On Shakespeare, Sonnets, and Pop Songs

popsonnets

I love sonnets. And Shakespeare. And music.

When I was in college, I heard and fell in love with the music of Ralph Covert and the Bad Examples. Many of the songs come back to me time and time again, and one in particular comes to mind when I feel myself getting frustrated with a scene or character while writing:

“Every poet wants to murder Shakespeare
We’re just pissing on the grave of what went on before
And everyone invents the world the day that they were born”

~Ralph Covert, “Every Poet Wants to Murder Shakespeare”

So speaking of Shakespeare; and sonnets; and music…

When Stephen and I were at BookExpo promoting Geek Parenting, we picked up the book Pop Sonnets by Erik Didriksen. While he may not murder Shakespeare, Erik gives Shakespeare a run for his money. 🙂

We had so much fun taking turns reading the sonnets and trying to guess the original pop song. It’s such a fun and clever book. Here’s a sample:

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(You can read a few more on the @popsonnet tumblr page.)

And here are the Bad Examples for your listening pleasure:

If you’d like to hear the Bad Examples on vinyl, check out their Bad Is Beautiful deluxe vinyl release.

And to conclude, fourteen lines of iambic pentameter by the Bard himself:

Sonnet 30

When to the sessions of sweet silent thought
I summon up remembrance of things past,
I sigh the lack of many a thing I sought,
And with old woes new wail my dear time’s waste:
Then can I drown an eye, unus’d to flow,
For precious friends hid in death’s dateless night,
And weep afresh love’s long since cancell’d woe,
And moan the expense of many a vanish’d sight:
Then can I grieve at grievances foregone,
And heavily from woe to woe tell o’er
The sad account of fore-bemoaned moan,
Which I new pay as if not paid before.
But if the while I think on thee, dear friend,
All losses are restor’d and sorrows end.

—William Shakespeare

From Awkward to Awesome

For those of us who grew up in the 80s and early 90s, the brainy Encyclopædia Britannica kid from the tv commercial was an iconic image of what a nerdy kid looked and sounded like. For those of us who *were* nerdy kids in the 80s, it was an extremely familiar image. (I certainly had the big glasses.)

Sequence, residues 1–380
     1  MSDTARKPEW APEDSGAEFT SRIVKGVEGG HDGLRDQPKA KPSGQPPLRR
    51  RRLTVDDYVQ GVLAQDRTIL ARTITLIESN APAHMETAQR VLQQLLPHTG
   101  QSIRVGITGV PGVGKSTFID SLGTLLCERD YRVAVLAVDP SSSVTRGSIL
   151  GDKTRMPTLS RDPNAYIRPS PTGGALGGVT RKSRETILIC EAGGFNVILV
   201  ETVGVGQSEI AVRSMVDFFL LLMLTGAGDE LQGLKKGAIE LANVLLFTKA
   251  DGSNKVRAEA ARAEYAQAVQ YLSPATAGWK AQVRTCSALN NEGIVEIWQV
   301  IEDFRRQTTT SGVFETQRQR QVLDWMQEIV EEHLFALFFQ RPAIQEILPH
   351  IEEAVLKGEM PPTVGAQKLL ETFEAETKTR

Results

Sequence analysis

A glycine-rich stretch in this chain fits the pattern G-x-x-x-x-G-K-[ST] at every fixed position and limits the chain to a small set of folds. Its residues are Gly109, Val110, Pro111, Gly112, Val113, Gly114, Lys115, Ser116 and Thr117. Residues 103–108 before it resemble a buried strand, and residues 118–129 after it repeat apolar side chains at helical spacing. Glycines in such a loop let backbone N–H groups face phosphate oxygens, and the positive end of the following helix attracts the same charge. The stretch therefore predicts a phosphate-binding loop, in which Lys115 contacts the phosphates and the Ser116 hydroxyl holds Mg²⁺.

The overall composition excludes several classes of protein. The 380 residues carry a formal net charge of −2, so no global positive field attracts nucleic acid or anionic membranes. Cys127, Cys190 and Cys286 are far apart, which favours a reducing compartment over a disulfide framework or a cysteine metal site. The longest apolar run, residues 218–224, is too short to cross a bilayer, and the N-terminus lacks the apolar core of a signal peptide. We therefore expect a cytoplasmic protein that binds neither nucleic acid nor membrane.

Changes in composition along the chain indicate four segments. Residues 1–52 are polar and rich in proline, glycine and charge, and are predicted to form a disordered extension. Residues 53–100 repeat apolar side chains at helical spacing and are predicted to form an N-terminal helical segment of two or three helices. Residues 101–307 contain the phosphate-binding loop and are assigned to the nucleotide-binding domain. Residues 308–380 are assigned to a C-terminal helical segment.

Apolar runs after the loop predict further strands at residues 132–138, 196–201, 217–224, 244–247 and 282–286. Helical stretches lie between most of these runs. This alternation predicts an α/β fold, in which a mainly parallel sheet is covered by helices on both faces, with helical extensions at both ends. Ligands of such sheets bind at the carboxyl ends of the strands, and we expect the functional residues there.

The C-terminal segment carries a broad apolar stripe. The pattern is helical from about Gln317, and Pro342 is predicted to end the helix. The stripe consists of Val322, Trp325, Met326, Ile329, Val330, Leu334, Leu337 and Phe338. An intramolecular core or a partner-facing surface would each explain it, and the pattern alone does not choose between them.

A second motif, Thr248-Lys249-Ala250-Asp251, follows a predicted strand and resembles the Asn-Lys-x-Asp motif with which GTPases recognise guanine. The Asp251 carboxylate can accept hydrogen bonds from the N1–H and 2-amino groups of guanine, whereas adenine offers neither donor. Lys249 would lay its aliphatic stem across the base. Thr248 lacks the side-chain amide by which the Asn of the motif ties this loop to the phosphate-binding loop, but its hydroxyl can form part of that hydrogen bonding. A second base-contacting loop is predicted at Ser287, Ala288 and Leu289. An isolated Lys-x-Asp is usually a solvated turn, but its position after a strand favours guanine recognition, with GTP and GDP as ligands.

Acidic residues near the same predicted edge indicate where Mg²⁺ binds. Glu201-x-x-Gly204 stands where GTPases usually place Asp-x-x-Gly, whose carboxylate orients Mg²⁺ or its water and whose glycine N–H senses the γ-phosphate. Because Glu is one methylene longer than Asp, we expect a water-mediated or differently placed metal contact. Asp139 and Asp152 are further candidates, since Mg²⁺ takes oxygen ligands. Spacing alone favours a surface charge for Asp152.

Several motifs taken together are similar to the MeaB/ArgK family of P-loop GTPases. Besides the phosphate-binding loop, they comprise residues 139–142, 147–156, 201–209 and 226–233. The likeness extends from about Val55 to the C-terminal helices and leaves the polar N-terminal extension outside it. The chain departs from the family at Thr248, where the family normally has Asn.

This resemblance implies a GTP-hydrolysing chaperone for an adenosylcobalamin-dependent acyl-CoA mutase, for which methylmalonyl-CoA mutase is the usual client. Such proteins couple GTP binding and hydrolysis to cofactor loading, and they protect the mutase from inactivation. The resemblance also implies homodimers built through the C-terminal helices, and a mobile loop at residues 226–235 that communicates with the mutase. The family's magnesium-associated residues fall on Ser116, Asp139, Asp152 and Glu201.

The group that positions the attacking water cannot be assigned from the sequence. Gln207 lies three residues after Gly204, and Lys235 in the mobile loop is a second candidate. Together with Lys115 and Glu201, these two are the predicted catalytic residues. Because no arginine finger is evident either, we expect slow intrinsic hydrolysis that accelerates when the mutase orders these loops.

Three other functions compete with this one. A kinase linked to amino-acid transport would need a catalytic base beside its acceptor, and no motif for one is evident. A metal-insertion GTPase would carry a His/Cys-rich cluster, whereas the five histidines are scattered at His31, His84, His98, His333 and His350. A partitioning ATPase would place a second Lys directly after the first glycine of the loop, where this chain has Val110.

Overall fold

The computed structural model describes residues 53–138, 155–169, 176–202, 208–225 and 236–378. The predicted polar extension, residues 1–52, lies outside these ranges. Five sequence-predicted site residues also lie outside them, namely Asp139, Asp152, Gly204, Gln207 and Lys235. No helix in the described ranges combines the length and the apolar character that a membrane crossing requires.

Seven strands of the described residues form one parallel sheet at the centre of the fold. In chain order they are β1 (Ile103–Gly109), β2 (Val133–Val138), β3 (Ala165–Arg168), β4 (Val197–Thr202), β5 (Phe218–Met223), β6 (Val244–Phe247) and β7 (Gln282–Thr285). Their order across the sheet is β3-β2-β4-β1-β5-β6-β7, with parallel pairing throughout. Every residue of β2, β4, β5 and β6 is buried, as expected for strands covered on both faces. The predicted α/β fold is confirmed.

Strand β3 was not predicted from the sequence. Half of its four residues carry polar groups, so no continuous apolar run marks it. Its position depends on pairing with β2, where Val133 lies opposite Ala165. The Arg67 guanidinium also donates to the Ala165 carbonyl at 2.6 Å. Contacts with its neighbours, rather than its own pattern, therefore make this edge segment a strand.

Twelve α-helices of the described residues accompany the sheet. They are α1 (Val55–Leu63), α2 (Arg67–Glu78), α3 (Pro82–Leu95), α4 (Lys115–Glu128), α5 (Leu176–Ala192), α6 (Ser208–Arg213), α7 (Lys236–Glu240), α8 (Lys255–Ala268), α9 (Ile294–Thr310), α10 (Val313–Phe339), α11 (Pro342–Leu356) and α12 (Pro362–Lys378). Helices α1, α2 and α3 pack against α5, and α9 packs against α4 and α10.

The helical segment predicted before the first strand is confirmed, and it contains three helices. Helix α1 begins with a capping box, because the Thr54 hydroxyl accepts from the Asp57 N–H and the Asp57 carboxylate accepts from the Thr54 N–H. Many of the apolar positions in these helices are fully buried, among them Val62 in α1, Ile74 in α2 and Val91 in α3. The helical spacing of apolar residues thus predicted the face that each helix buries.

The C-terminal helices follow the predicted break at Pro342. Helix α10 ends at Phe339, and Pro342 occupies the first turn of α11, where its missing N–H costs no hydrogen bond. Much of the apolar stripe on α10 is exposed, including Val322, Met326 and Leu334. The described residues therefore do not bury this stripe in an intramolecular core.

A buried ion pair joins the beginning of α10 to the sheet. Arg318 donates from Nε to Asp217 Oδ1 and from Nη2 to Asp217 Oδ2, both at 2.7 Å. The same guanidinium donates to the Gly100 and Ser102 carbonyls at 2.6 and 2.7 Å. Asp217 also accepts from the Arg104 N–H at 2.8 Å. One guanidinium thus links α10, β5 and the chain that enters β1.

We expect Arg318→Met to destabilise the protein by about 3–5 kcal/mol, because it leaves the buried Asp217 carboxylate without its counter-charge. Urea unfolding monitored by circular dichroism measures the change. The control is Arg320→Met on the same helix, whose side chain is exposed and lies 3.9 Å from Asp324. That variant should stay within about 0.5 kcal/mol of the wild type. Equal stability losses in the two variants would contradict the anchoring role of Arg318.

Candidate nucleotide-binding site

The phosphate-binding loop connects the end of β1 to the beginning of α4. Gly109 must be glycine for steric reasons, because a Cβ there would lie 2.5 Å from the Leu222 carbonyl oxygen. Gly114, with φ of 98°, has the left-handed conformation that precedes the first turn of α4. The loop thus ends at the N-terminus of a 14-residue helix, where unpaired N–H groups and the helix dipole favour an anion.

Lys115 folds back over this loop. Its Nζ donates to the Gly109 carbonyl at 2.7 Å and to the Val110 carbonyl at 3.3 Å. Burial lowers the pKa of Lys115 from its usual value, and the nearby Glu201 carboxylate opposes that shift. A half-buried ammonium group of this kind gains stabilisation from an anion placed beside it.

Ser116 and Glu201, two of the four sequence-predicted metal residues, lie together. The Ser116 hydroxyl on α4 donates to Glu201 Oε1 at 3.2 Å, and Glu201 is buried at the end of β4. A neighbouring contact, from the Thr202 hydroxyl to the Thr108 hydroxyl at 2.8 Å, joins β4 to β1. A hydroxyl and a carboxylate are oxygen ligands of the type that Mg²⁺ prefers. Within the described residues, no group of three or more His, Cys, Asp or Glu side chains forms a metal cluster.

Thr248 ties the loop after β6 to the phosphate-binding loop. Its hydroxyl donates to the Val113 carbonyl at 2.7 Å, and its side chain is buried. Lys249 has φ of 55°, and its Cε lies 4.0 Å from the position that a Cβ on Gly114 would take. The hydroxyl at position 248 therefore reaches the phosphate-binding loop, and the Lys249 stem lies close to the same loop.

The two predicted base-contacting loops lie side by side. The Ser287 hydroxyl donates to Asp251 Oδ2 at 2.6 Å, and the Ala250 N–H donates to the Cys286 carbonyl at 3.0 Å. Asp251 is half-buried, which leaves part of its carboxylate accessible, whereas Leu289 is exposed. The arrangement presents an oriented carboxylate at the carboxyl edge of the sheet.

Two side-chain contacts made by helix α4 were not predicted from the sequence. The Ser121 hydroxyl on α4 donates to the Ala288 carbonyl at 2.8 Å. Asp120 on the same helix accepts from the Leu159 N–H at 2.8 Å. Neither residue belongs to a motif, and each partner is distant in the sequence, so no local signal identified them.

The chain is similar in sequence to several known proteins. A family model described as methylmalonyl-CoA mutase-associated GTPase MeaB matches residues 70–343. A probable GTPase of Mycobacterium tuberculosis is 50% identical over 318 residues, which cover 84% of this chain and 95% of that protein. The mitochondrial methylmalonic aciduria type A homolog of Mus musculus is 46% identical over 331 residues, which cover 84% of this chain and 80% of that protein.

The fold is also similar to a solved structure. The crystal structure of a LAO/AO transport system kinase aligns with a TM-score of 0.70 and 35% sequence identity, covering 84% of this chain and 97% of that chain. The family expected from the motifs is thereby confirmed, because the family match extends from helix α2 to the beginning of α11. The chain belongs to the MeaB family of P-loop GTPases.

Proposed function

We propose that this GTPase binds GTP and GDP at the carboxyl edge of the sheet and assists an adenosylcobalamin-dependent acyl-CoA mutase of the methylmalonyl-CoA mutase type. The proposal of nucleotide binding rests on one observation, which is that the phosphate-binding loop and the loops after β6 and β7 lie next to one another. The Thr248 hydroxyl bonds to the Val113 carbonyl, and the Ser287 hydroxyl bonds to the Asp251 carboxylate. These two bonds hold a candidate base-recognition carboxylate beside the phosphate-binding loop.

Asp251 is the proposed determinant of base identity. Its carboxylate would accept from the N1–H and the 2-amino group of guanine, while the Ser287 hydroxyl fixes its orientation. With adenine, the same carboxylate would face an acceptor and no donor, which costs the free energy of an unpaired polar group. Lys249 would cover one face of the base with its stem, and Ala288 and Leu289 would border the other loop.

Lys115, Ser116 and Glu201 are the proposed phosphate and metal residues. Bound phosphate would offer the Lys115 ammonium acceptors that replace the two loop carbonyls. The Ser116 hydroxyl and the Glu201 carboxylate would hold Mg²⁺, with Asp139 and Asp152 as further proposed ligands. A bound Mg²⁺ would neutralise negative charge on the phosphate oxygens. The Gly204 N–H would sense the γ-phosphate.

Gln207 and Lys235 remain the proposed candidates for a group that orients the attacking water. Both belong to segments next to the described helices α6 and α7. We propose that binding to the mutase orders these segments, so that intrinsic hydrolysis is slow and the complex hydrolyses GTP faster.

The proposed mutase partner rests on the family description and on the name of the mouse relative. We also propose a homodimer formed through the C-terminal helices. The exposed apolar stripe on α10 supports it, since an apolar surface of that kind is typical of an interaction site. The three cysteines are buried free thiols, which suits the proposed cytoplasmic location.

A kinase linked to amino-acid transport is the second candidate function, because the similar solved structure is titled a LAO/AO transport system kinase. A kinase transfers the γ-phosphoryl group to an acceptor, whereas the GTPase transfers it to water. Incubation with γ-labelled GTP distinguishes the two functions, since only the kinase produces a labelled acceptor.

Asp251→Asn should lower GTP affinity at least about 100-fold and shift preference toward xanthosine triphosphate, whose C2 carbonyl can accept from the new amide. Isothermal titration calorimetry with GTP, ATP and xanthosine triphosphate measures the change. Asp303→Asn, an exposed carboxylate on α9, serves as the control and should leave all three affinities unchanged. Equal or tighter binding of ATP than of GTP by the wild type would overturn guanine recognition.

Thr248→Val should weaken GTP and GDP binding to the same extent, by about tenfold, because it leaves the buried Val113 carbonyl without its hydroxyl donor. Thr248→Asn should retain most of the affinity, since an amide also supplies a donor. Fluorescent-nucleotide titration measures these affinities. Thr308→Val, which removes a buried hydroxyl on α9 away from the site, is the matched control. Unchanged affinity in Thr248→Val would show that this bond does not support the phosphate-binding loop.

It’s likely no surprise that my Geek Parenting coauthor, Stephen H. Segal, was also a nerd; and when he was young, he shared enough of a physical resemblance to the Encyclopædia Britannica kid (played by Donavan Freberg), that he was quite often mistaken for the awkward commercial know-it-all.

Much later, Stephen met and befriended his adolescent doppelgänger, and Donavan turned out to be a kindred spirit. We hear enough about how people fall from great heights and notoriety, but sometimes the story is better than that. Sometimes people take the gifts they have been given and work to make this world better and more beautiful.

Click here to read Stephen’s blog post about how “This iconic geek kid “had a report due on space.” Spoiler alert: He grew up to be awesome.

(Be sure to also follow the link in the story to read the entire interview with Donavan about his legendary comedian/ advertising creative director father, Stan Freberg.)

I love the way that Donavan’s story shows how creating a space for your kids to figure out who they are can help them to eventually embrace their authentic selves. It’s a valuable reminder, and it’s a really good story.

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Geek Parenting on the Positive Parenting Podcast

Photo by Kyle Cassidy, 2016.

Stephen Segal and I talk about our new book, GEEK PARENTING: What Joffrey, Jor-El, Maleficent, and the McFlys Teach Us about Raising a Family, with Armin Brott, a.k.a. Mr. Dad, on Positive Parenting, followed by an interview with Deborah Heisz of Live Happy.

(I like the message of our book covers beside one another. 🙂 We have some interesting overlaps in our books’ messages: the importance of play, finding your tribe, being grateful, nurturing creativity. )

Click here to listen: GEEK PARENTING Positive Parenting Podcast

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